(Please excuse the bad lighting, we are having another afternoon
thunderstorm and there is not much natural light at the moment.)
Guess where I am going tomorrow?
Michael's has this great coupon and
I happen to have 3 finishes in need of framing!
70% off!! Woo Hoo!
I am still making progress on The Sampler Girl's "At Home with Jane Austen"
I also have a new start to share, I am stitching on this during cross country practice. I hope to be finished by next week (if we are not rained out)
|"The Merry Skater" from the 2010 Ornament Collection |
Little House Needleworks
stitching over 2 on 28 count Lugana in Summer Khaki
using 2 threads of the recommended DMC threads
The national press has descended on the Crescent City to cover the five-year anniversary of Katrina, it is Hurricane Week on the Weather Channel and I am not liking the looks of this . . .
Danielle (not a problem for us), Earl, the future Fiona and that cloudy area near the coast of Africa is a fourth system (a potential Gaston) they are watching. So much for a quiet season.
All this reminds me, that awhile back, I said I would share my hurricane/emergency prep tips with you. Well, I started writing and was overwhelmed by the amount of information. So I decided to use a tip of the day method for passing on information. I am going to start with the obscure and weird, because the basics (keep your tank full of gas, keep cash on hand, etc.) are easy to find on either of the following website links.
American Red Cross Fast Facts - tip sheets for specific types of emergencies
TIP # 1 - If you have items you cannot take with you (especially fragile items) consider placing them in the dishwasher - it keeps water in, so it will also keep water out. This is also good to remember in a case of flash flooding when you do not have the time or ability to pack things up to take with you.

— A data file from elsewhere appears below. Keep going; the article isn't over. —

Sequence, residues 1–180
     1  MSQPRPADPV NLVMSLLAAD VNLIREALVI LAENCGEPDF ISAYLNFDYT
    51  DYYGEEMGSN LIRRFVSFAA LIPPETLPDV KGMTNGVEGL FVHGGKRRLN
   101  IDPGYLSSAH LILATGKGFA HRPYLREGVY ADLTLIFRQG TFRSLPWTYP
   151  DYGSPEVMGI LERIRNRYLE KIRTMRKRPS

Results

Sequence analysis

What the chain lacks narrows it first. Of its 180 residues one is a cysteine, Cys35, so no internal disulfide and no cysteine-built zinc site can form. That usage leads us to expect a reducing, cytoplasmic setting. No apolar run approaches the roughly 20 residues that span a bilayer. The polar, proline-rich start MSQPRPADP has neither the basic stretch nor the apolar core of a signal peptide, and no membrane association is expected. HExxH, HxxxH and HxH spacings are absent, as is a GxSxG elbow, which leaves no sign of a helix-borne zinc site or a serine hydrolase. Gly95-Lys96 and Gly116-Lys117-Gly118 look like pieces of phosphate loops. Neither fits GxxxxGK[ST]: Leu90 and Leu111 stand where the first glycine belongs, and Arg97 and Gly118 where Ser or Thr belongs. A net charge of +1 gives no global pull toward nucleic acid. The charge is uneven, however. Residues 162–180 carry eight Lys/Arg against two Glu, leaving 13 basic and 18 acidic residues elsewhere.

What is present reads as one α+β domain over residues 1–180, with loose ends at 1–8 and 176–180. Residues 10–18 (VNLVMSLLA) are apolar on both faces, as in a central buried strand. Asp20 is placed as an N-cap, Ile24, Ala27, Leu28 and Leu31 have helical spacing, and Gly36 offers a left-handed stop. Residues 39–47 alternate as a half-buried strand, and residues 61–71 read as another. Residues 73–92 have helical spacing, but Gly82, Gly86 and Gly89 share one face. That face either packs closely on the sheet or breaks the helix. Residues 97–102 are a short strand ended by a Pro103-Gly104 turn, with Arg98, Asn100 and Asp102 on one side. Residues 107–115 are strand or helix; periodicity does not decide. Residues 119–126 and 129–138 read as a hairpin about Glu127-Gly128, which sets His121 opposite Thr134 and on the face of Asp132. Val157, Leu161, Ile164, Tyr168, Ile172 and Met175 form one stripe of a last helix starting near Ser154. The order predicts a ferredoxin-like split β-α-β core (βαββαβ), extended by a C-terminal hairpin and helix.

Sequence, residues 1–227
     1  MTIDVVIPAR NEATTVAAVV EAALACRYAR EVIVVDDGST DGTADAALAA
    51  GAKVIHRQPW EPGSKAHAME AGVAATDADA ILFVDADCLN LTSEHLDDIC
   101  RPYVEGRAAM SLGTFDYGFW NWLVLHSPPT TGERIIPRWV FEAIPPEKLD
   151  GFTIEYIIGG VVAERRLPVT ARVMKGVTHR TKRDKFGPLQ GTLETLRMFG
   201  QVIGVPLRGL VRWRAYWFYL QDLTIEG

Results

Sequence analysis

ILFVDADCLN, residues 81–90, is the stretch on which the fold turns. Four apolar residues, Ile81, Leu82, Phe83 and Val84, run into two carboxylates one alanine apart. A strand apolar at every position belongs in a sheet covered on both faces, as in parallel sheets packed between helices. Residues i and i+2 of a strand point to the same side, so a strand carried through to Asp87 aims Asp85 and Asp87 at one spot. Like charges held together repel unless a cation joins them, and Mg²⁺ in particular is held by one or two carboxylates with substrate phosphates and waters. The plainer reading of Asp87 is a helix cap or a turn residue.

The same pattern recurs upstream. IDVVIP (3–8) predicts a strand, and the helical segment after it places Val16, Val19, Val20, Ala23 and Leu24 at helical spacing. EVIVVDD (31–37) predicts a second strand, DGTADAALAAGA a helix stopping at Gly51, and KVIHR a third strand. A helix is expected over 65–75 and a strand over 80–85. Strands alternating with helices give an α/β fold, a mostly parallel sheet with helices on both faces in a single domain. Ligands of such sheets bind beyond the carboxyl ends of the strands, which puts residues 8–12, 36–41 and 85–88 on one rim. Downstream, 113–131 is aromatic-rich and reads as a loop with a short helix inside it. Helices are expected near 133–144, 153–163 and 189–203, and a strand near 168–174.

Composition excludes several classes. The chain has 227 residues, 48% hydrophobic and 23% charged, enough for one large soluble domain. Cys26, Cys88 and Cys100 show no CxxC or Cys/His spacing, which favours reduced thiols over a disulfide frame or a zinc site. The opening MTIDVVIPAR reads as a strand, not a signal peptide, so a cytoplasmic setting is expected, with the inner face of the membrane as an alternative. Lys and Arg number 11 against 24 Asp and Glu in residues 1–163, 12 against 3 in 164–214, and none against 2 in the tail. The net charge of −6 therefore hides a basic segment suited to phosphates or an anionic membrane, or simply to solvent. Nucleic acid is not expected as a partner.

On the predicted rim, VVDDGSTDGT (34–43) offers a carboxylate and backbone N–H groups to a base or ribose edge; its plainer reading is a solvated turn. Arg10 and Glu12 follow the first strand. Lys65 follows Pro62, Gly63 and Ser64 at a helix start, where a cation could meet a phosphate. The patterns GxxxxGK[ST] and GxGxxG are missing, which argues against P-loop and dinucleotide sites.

TIP # 2 - Use your address book (or snag an extra notebook from your kid's school supplies) and write down all the contact information for your important contacts, for example
- bank, mortgage company, insurance company, utilities, etc (including account numbers)
- employer (especially important if you are not paid by direct deposit or you work in a job that will be in high demand following the emergency),
- doctors, pharmacy (include a list of all your Rx medications and doses)
- local police/sheriff and fire stations,
- grocery (you can call before returning home to see if they are open/stocked),
- family and neighbors
Inquire about emergency contact information. National utilities, pharmacies, etc will still be reachable through an 800 number, but locals will also be evacuated, have lost electricity or telephone service, be severely damaged, etc.
Cell numbers may be inaccessible due to down towers or heavier than normal usage. During Katrina, voice calls were rare, it could take an hour of redialing before your call would go through. The addition of so many extra cell users (evacuees) overloaded the local cell systems. If you do not know how, learn to use the text messaging on your phone, it takes up less bandwidth. Teach your parents and other older relatives how to use the text messaging on their phone. Also, remember you can call your cellular company to change your plan to include/increase your minutes or texting limits so you are not surprised by your bill the next month.